Sunday, July 6, 2008

The Architecture of One Family

Our town is famous for its architecture. Apparently, we sport works by several well-known (not Mich#el Jord$n well-known.....but well known if you know about that sort of thing...which I do not) superstars in the architectural cosmos. All of this style and elegance is pretty much lost on me (pretty much -- I enjoy a big witch-hat church as much as the next guy, and -- although I have no desire to investigate the aesthetic resonances that elicit such a response -- I am vaguely pleased by the curvy lines and asymetry of most of the buildings around here), I can be impressed by the effort, if the intentions are explained to me.
More often, though, I leave a building by winding my way out of its artistically complicated corridors after some completely pragmatic errand or other a little annoyed at the cumbersome exit route. And when I reach my car (which sometimes takes me awhile), I glance back at the building and finally "get" it. The weird twists and turns built into my unwieldy walk were part of a larger design that looks... at least planned if not exactly awe-inspiring. I usually say "oh" or "hmmmm" (I'm nothing if not audible) in that dull-girl-just-getting-the-picture sort of way, and then get into my car and drive away nodding (the nod is gratuitous -- it's just what I do).

Last week, I looked back through my early adoption blog entries. (I am -- in many WONDERFUL ways, on the "walking toward my car" leg of this journey, and I guess I wanted to scan the building one more time). Almost nine months, to the day, before OUR (and until this adoption, I never had an imagination for the enormity of the word "our") babies were born, I wrote this letter to their distant but suddenly and absolutely un-anonymous mother. Shortly thereafter, I posted this message about our decision to open ourselves to TWO babies with its prophetic little tag about the paperwork we filed that certified us for a sibling group of three.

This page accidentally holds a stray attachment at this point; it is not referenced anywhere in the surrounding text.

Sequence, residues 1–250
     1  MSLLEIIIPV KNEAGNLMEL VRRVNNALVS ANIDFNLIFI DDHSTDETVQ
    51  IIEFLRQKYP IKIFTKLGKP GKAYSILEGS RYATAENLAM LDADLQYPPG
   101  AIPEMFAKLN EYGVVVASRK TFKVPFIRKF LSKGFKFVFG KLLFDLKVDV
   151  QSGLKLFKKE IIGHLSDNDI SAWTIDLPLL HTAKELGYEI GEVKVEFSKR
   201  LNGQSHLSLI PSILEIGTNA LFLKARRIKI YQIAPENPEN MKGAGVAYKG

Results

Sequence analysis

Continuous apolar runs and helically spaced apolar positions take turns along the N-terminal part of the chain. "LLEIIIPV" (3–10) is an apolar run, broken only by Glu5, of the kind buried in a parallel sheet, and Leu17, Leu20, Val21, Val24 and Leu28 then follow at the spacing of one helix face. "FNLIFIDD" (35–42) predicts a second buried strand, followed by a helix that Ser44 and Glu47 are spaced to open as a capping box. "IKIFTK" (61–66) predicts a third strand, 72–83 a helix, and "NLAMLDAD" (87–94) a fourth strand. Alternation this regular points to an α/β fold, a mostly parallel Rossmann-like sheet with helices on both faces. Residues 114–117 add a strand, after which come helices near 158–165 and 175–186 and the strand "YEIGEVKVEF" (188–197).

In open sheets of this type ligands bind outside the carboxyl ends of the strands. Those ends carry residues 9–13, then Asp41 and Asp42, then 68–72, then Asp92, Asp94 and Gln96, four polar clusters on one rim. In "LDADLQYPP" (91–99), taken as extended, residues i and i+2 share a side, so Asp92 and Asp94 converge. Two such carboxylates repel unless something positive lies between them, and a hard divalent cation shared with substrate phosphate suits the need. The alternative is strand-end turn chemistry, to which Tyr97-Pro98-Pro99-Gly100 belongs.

Joshua was out of the country when THE referral call came. For days before he left, I had dreams of three babies. Finally, just before taking him to the airport, I said, "If she says three, I'm saying 'yes!'" He reminded me of the height of the emotional and spiritual ledge he crept onto with our decision to stretch our parameters from one to two and asked me to keep that decision in mind. I did. And then I answered with my heart. And so did he!
After two hours of falling in love with Girum, Tarikua, and Taye, I FINALLY made contact with Josh. He had received the same electronic file that I had (along with a half-a-dozen emails from me urging him to READ THAT MESSAGE) and found a way to call me from Germany. After hedging around the question pressing against every cell in my body for a sentence or two ("Hi! It's YOU! So what do....you....think?" "I think.....wow." etc.), I asked: "Do you think we should accept this referral?" To which he responded: "If this is what God has for us, then...this is what He has for us....and I am so honored that He would choose me for this responsibility." And then, "Aren't they just so beautiful, Amy?"
And they are.
So we accepted the referral...
And then we made it through court! On June 25th, my caseworker said, "I am calling to let you know that, as of yesterday, you are officially the mother of FIVE children! Congratulations!"
And now,
after a long walk through such complicated corridors,
we are waiting to travel to bring our children home.
What a magnificent building!
What a Brilliant Architect.

1 comment:

Sarah :) said...

Amy, I haven't had a chance to read this until now. As a girl who understands what hometown architecture you're talking about, I can relate.....and agree that we have a Magnificent Architect! I praise the Lord for these tiny miracles...can't wait to meet them sometime when I'm home. CONGRATULATIONS again.....times three!!! :)